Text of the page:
Another possibility is ultrasound technology. Still in the early stages of research, researchers at Drexel University released findings that ultrasound could be used to change the beat frequency of heart muscle. This is advantageous on two levels. One, AEDs on the market today cannot affect a heart in asystole (flatline) as there has to be some electrical activity in the heart to begin with in order to be reset. If an ultrasound AED can cause heart muscle contractions, it could possibly reduce the need for CPR, as well as getting the heart beating again. Ultrasound's second advantage would be the non-invasive nature of the treatment. It could be delivered externally, much the same way existing AEDs deliver an electrical current, and unlike the optical defibrillators which are more effective as an implanted device.

Envision a future AED as a cell phone-sized device, small and light enough to be carried in a pocket. The device could be placed on the victim's sternum to analyze the patient and administer treatment, if needed. Today's AEDs are considered simple to use, but these could be even simpler – merely emitting a sound wave or light strong enough to penetrate clothing, as well as the sternum bone, and reset the heart. Even better, what if it was simply an app one could download onto their cell phone? Everyone could literally have everyone else's lives in their hands.

Dr JPS Sawhney,HOD-Department of Cardiology, Sir Ganga Ram Hospital, New Delhi
Second Opinion
Advances in ICD

Implantable cardiac defibrillators are life-saving devices, which use an electrical shock to terminate ventricular fibrillation or pulseless ventricular tachycardia and reset the electrical state of the heart so that it may beat to normal intrinsic or paced rhythm. There have been several recent advancements in ICD technology to extend battery life, improvements in patient monitoring to avoid needless shocks, the introduction of quadripolar lead devices to improve device programming and to improve therapy effectiveness, and development of magnetic resonance imaging (MRI)-safe ICDs.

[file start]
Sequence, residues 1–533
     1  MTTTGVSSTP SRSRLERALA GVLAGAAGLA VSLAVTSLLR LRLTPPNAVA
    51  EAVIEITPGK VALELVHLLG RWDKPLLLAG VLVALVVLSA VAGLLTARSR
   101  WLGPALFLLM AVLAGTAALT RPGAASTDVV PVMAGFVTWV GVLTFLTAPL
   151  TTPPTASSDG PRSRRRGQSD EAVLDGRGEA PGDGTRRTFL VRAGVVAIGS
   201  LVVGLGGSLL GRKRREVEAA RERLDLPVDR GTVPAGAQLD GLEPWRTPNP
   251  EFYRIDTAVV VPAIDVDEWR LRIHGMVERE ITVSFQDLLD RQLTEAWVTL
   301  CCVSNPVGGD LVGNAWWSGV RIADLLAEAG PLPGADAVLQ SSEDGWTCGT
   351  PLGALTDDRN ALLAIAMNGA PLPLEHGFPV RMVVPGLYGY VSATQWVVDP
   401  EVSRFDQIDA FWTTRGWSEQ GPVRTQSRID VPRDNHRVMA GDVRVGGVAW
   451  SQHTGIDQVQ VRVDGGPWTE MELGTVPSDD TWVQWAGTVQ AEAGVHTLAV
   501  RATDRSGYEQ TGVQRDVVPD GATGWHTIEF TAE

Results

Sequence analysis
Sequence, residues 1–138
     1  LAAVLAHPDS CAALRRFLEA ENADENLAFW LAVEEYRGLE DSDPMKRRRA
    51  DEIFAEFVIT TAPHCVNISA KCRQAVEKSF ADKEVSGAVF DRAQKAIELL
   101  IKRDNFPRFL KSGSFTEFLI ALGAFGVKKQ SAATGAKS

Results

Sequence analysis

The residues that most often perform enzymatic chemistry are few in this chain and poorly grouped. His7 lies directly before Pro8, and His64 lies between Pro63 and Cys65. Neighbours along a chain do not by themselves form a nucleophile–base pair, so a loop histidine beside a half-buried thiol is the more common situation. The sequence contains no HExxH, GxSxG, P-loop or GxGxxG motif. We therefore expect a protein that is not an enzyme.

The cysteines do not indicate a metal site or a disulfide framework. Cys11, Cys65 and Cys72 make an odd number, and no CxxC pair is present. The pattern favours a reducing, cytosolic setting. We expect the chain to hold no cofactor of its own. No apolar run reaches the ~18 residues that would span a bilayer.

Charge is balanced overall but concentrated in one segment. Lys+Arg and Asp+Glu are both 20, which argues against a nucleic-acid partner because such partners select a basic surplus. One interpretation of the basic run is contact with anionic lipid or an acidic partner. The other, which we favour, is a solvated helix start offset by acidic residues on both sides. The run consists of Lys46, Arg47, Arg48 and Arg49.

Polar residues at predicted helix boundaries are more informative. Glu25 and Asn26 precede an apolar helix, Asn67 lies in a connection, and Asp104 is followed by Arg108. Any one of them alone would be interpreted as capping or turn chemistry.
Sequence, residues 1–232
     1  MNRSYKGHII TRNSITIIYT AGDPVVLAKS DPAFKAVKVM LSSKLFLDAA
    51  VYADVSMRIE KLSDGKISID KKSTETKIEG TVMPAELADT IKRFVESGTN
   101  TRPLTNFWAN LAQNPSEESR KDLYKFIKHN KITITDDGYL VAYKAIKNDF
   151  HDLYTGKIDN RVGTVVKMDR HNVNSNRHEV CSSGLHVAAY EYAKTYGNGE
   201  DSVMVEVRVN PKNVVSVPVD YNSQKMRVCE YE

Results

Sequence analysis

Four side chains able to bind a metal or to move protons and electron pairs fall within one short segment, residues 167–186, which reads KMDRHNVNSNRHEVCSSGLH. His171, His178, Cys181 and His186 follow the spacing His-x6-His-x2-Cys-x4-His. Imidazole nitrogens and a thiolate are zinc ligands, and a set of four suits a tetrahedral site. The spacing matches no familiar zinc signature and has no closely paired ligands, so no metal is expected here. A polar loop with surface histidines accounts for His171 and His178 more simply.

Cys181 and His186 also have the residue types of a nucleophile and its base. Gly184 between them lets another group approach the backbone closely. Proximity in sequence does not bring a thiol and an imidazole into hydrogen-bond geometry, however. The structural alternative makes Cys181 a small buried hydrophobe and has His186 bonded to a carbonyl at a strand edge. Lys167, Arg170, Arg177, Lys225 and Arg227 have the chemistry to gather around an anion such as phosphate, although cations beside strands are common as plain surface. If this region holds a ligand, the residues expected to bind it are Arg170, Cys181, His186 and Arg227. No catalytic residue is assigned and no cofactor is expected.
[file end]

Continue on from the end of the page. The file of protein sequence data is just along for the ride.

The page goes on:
ICDs are incorporated into cardiac resynchronization therapy defibrillator (CRT-D) devices, which resynchronize contractions of both ventricles and have defibrillation capabilities. Quadripolar leads with four electrodes allow more programming options for pacing and overcoming issues with lead placement. This can help optimize CRT-D therapy and decrease the number of patients who do not respond.

Newer ICDs offer wireless remote monitoring/interrogation of the device data with bedside sending units, so patients do not need to come in for regular physician visits.

Battery longevity has long been an issue with ICDs and as patients live longer, they may need to undergo multiple battery replacements with increased risk of infections and added expenses. Newer devices developed with high-performance chemistry and advanced manufacturing capabilities provide up to double the battery capacity and many manufacturers now claim a projected battery life of 11–12 years.

Subcutaneous ICD (S-ICD) sits entirely just below the skin without the need for intracardiac implantable leads. This leaves the heart and blood vessels untouched, offering patients an alternative to transvenous ICDs, and is being increasingly used in pediatric population and patients with lead failures and device-related infections. For patients at risk for sudden cardiac arrest, who are being evaluated for a permanent ICD, a wearable external defibrillator is now available as a temporary solution. Patients with older devices have been contraindicated from receiving MRI scans because of potential interactions between the MRI and device function. There are several MRI-compatible ICDs now available in the market, which allow for whole-body MRI scans up to 3T.

Newer ICDs include technology to help reduce inappropriate shocks. Newer algorithms with more anti-tachycardia pacing options can convert many fast ventricular arrhythmias painlessly and avoid the need for high-voltage shocks. These newer advancements, though adding to cost, have been shown to reduce mortality and morbidity in patients who are implanted with ICDs.

Co-authored by Dr Aman Makhija, Senior Consultant Electrophysiologist, Sir Ganga Ram Hospital, New Delhi

Dr JPS Sawhney,
HOD-Department of Cardiology,
Sir Ganga Ram Hospital, New Delhi

Why is The Government So Bad at Health Care?



Digital version